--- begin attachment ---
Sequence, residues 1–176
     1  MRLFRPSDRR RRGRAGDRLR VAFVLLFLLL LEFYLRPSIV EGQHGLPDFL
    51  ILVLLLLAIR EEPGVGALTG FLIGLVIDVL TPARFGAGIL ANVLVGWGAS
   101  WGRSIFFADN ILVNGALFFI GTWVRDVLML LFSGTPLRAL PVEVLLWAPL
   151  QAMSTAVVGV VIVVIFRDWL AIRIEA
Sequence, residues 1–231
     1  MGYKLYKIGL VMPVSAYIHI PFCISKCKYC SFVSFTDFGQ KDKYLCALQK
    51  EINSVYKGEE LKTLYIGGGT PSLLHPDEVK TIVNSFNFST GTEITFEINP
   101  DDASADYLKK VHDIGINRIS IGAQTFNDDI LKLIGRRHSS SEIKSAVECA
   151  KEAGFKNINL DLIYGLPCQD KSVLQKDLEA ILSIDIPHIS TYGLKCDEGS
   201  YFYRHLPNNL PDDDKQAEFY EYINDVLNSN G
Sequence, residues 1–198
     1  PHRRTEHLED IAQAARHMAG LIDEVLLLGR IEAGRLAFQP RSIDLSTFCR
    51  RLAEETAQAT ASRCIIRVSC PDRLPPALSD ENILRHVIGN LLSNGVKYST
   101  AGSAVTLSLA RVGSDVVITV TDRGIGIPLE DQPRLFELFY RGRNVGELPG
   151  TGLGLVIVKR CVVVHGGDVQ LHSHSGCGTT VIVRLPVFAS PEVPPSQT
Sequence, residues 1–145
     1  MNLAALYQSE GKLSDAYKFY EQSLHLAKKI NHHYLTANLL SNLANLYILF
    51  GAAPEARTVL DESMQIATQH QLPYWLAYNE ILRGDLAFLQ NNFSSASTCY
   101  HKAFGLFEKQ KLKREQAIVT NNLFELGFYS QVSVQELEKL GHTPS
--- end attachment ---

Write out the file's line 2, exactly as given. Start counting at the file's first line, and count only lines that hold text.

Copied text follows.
     1  MRLFRPSDRR RRGRAGDRLR VAFVLLFLLL LEFYLRPSIV EGQHGLPDFL